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Glacial dams helped Tibet keep its cutting edge

October 9, 2008

October 8, 2008

PARIS (AFP) -- Boulders and soil left by retreating glaciers helped
preserve the mighty Tibetan plateau from being worn away by river
erosion, scientists said in a study released Wedneday.

The plateau resulted from the collision of the Indian and Asian
continental plates around 50 million years ago, creating some of the
world's greatest rivers and gorges and the most glaciated region
outside the north and south poles.

In a study published by the British-based science journal Nature, the
investigators looked at the Tsangpo River, the world's highest major
river, which starts at an elevation of 4,400 metres (13,500 metres)
before slicing through the Himalayas and emptying into the Bay of Bengal.

The Tsangpo cuts out vast quantities of soil and rock on its way to
the sea but in its upper reaches it has had strangely little erosive
effect on the edges of the Tibetan plateau.

The reason, say the team, is that over millions of years, glaciers
advanced and retreated over the region, depositing debris at the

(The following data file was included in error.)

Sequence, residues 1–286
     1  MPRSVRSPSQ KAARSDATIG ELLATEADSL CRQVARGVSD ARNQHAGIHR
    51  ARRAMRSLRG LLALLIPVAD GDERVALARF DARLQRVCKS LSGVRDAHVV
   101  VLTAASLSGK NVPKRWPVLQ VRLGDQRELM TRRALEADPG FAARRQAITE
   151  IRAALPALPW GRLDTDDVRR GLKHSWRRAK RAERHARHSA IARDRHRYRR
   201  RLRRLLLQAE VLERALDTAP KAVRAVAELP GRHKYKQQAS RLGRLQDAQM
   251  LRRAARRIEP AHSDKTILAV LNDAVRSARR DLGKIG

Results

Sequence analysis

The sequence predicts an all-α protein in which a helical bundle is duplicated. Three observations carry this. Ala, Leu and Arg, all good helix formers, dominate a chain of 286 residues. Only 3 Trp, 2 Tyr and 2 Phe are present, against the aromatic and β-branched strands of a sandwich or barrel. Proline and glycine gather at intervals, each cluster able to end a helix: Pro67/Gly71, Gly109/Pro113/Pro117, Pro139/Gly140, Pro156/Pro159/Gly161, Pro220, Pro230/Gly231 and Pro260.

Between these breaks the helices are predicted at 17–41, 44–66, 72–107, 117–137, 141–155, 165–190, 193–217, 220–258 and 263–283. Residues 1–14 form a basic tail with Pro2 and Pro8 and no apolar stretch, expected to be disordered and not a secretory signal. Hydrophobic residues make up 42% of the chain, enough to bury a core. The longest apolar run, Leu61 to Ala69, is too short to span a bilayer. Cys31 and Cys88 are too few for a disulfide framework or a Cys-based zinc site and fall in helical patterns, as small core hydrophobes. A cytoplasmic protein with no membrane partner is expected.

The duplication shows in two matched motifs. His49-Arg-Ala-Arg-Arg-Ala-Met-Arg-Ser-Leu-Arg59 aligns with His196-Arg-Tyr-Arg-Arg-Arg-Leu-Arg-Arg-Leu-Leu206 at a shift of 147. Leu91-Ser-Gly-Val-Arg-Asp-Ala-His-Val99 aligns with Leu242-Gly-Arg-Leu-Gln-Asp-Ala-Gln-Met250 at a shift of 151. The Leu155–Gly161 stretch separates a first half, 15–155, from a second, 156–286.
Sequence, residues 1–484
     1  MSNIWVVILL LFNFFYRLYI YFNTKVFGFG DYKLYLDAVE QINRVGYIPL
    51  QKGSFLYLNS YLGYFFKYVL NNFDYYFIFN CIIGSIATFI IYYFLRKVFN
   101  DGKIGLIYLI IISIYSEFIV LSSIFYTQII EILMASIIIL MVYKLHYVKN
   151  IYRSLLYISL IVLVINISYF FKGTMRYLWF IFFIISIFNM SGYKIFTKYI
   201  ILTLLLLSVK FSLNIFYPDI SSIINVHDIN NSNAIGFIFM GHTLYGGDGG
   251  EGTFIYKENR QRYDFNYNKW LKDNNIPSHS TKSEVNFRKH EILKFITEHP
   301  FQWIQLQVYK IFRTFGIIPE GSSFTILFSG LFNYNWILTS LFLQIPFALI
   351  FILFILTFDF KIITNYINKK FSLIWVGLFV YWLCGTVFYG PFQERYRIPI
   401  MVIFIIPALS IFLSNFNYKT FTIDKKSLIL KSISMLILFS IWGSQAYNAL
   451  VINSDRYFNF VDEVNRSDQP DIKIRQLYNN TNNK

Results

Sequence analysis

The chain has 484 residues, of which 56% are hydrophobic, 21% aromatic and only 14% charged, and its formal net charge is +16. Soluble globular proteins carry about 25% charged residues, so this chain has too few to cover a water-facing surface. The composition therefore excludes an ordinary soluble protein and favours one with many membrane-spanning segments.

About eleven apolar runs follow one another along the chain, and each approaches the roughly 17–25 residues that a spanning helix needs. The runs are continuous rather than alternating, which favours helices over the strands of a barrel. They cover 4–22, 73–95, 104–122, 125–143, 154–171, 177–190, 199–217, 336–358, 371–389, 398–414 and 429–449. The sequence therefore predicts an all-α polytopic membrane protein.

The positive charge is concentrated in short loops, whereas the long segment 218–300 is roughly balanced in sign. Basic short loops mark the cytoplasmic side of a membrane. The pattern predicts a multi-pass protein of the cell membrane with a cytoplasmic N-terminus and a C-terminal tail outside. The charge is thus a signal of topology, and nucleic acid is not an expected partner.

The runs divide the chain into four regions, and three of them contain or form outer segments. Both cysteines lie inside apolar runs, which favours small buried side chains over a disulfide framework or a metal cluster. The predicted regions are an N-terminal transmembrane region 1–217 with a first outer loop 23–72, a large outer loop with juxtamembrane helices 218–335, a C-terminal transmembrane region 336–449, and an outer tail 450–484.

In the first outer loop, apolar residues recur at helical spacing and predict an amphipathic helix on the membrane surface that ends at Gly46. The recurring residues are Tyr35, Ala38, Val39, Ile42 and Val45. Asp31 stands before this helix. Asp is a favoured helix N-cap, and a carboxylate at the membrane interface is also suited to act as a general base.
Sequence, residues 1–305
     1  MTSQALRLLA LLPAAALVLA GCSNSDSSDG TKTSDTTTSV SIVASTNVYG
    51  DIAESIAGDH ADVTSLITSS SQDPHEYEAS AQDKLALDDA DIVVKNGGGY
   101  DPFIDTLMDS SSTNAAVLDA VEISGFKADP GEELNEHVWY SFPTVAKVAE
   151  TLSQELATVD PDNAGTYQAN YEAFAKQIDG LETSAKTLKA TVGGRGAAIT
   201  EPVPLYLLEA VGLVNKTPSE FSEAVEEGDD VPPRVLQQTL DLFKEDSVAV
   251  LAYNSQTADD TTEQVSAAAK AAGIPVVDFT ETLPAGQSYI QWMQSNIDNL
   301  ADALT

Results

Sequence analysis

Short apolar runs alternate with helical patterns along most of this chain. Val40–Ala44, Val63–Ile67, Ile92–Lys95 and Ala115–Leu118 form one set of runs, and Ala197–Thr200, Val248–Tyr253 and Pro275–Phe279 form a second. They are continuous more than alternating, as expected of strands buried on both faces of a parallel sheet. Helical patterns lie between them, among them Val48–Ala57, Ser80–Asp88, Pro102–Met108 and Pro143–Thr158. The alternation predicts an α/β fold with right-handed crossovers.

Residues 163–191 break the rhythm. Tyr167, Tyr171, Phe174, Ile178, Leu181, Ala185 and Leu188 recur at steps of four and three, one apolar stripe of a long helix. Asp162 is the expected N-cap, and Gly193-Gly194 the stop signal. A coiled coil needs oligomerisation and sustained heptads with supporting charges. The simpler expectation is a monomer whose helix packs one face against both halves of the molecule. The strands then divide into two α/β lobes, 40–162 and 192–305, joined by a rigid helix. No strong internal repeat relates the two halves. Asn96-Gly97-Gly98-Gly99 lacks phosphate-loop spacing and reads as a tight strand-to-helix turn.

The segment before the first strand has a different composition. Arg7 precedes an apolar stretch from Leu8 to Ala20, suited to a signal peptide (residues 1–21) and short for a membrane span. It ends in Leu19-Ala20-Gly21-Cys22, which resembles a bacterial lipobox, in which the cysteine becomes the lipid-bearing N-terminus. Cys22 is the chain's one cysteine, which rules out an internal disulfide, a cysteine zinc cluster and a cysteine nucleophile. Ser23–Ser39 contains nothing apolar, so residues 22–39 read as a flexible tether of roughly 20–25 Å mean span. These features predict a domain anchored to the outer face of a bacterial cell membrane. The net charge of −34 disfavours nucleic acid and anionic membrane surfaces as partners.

mouth of many of the tributaries to the Tsangpo as they came and went.

These debris walls, called moraines, are acting as dams, preventing
the rushing water in the main Tsangpo gorge from carving upstream
into the plateau.

"At the edge of the plateau, the river's erosion has been defeated
because the dams have flattened the river's slope and reduced its
ability to cut into the surrounding terrain," co-author David
Montgomery of the University of Washington said in a press release.

The findings are more than of academic interest, for they demonstrate
that some natural lakes in the southeastern margin of the Tibetan
plateau are in effect being held back by moraines.

Meltwater discharge from glaciers -- which is expected to accelerate
as a result of climate change -- could cause a swift and dangerous
buildup behind these natural dams.

"Some of these lakes may give rise to catastrophic outburst floods
with far-reaching consequences for both the local and downstream
population," lead author Oliver Korup, of the Swiss Federal Institute
for Snow and Avalanche Research, told AFP.

"This has been the case historically," he said.

"Quite a number of flooding disasters in Indian rivers have had their
cause in the sudden failure of nature dams in Tibetan headwaters. You
may imagine that this may generate quite some international friction."
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